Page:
9 Grammatical Pitfalls


[chou-der] /ˈtʃaʊ dər/
a thick soup or stew made of clams, fish, or vegetables, with potatoes, onions, and other ingredients and seasonings.
Origin of chowder
1735-45, Americanism; < French chaudière pot, kettle < Late Latin caldāria cauldron Unabridged
Based on the Random House Dictionary, © Random House, Inc. 2015.
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Examples from the web for chowder
  • Likewise, the haddock tart was at once runny and lumpy-thin chowder spilled over a pastry shell.
  • Dining in the region offers specialties such as lobster and clam chowder, as well as many other types of cuisine.
  • The swordfish stew and clam chowder are local favorites.
  • Fish and chips, seafood rolls and homemade chowder is also available.
  • Area restaurants and caterers compete for the best clam chowder recipe.
  • While taking a break from whale watching, travelers can enjoy clam chowder, hot dogs and pizza on the ship.
  • The conch fritters and seafood chowder are menu favorites.
  • The menu offers small plate items such as carnitas tacos, corn chowder and squash blossom quesadillas.
  • The restaurant features live music on the patio and is popular for its lobster bisque soup and clam chowder.
  • According to anecdotal stories, a cauldron of fish chowder was always cooking in the galley of fishing boats.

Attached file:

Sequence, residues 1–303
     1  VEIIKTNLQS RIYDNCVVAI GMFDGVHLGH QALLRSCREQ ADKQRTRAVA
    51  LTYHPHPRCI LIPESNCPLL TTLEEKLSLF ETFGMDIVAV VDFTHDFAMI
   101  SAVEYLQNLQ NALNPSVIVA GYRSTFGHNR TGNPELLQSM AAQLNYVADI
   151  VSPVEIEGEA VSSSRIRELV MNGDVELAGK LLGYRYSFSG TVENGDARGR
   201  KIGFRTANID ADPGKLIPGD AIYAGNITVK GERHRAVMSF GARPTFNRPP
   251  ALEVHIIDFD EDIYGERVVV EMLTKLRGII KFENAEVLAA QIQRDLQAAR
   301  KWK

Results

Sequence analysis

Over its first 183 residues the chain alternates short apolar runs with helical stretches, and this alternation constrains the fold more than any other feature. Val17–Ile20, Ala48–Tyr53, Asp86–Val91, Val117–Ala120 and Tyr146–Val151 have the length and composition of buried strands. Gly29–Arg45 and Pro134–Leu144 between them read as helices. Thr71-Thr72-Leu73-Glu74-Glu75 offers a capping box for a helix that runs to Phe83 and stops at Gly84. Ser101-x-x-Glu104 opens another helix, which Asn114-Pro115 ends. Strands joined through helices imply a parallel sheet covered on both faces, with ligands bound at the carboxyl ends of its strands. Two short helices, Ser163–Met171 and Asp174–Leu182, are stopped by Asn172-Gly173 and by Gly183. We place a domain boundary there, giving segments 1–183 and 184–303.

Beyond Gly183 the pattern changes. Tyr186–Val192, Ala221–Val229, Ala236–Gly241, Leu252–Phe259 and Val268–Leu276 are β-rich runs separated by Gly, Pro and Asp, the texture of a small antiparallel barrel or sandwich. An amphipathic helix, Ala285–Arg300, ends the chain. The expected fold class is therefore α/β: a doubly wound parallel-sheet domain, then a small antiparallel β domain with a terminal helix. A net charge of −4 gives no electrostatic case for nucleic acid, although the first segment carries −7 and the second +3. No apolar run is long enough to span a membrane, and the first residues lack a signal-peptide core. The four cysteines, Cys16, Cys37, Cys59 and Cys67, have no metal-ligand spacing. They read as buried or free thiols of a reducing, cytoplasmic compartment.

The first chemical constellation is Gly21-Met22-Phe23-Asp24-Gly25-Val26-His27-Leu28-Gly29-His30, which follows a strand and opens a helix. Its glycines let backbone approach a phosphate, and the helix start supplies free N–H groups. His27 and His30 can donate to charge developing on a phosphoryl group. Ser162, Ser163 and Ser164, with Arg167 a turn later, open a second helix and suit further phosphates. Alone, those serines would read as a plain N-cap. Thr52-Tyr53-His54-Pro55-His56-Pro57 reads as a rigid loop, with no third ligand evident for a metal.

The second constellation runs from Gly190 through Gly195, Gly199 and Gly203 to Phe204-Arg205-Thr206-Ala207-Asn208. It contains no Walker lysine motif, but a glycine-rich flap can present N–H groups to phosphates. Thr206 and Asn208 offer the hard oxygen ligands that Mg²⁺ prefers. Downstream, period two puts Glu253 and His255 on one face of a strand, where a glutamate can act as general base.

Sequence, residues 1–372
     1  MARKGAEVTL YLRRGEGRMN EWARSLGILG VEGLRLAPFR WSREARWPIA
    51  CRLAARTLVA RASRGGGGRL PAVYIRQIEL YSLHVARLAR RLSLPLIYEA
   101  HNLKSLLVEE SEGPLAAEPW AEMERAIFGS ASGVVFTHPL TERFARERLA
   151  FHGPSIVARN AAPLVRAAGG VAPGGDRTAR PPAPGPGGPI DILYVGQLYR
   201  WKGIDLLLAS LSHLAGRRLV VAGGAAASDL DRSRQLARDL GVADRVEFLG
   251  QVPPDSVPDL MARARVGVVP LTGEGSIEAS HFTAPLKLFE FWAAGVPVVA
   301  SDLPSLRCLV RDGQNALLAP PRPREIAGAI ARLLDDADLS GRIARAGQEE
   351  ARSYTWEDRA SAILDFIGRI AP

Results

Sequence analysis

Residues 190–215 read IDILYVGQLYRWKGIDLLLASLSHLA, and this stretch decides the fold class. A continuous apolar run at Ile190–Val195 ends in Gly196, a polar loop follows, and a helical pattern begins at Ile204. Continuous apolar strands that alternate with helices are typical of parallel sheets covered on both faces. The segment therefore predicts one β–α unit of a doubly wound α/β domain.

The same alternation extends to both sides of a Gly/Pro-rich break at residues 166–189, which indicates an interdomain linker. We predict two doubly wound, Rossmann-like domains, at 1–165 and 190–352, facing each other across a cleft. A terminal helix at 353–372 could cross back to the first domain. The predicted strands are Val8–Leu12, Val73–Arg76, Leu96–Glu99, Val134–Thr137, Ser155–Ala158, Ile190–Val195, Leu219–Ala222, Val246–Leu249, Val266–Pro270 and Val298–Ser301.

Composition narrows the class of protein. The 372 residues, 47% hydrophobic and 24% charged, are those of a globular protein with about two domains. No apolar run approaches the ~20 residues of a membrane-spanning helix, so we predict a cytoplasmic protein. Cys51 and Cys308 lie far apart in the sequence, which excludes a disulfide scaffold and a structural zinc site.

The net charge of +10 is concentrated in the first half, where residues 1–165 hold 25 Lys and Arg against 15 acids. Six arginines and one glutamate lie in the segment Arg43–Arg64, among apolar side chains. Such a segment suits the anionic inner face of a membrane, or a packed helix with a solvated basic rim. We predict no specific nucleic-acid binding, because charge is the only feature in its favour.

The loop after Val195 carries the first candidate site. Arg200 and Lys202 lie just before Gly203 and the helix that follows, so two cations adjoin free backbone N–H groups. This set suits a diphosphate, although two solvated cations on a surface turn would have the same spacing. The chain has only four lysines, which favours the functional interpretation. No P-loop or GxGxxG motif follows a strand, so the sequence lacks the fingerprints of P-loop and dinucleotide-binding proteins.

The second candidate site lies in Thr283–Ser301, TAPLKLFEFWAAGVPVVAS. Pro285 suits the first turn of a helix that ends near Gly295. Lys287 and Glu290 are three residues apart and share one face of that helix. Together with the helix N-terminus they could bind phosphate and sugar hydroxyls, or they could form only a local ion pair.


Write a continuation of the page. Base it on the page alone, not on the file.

British Dictionary definitions for chowder


a thick soup or stew containing clams or fish
Word Origin
C18: from French chaudière kettle, from Late Latin caldāria; see cauldron
Collins English Dictionary - Complete & Unabridged 2012 Digital Edition
© William Collins Sons & Co. Ltd. 1979, 1986 © HarperCollins
Publishers 1998, 2000, 2003, 2005, 2006, 2007, 2009, 2012
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Word Origin and History for chowder

1751, American English, apparently named for the pot it was cooked in: French chaudière "a pot" (12c.), from Late Latin caldaria (see caldron). The word and the practice introduced in Newfoundland by Breton fishermen, and spreading thence to New England.

CHOWDER. A favorite dish in New England, made of fish, pork, onions, and biscuit stewed together. Cider and champagne are sometimes added. Pic-nic parties to the sea-shore generally have a dish of chowder, prepared by themselves in some grove near the beach, from fish caught at the same time. [John Russell Bartlett, "Dictionary of Americanisms," 1859]
The derogatory chowderhead (1819) is a corruption of cholter-head (16c.), from jolthead, of unknown origin.

Online Etymology Dictionary, © 2010 Douglas Harper
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